population, thereby lowering civilian casualties.  The
separatists use pressure mines captured from the army, as
well as their own improvised version, known as a Johnny-
Landmines, both antitank and antipersonnel, remain a serious
problem along parts of the Thai border with Cambodia,
plaguing villagers and refugees.  Although the landmine
problem has been identified and recognized in recent years,
neither the Thai Government nor any international
organization has been able to undertake large-scale
clearance efforts.  While the number of uncleared mines in
Thai territory is impossible to estimate, innocent civilians
continue to be affected.
     Demining Regional Analysis:  THE MIDDLE EAST
The following countries reported no problems with uncleared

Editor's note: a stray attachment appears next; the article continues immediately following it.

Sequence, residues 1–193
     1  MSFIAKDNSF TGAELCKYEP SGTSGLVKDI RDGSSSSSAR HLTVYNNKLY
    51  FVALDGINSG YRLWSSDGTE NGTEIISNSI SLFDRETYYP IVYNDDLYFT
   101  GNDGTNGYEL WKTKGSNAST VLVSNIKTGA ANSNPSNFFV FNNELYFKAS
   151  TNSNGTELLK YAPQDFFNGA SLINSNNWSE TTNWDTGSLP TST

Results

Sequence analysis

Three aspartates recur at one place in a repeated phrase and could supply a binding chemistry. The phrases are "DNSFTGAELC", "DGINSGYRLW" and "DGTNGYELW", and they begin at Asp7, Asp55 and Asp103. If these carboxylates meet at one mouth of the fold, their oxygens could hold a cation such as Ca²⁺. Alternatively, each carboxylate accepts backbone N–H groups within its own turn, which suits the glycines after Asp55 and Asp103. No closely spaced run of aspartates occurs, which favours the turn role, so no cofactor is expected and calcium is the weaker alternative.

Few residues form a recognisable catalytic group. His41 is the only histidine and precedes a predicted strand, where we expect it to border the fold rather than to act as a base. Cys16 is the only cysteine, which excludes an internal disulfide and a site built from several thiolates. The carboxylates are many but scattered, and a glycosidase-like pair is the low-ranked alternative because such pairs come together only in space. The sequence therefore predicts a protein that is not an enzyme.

landmines:  Algeria, Bahrain, Oman, Qatar, Saudi Arabia,
Tunisia, United Arab Emirates.
Uncleared landmines represent a moderate problem in Egypt.
Large numbers of uncleared mines are scattered throughout
the country, largely in thinly populated areas.  Landmines
remaining from the Second World War, particularly in the
area of El Alamein battlefield, are a notable problem.
Uncleared minefields throughout the Sinai Peninsula resulted
from wars with Israel.  Frequent civilian casualties occur
in remote areas, where medical care is inadequate.
Iraq's severe landmine problem results from the Gulf War,
the Iran/Iraq War, and two decades of internal conflict.
Mines Advisory Group, a demining nongovernmental
organization active in Iraq, estimates at least 4 million
landmines are laid in northern Iraq, most of which date from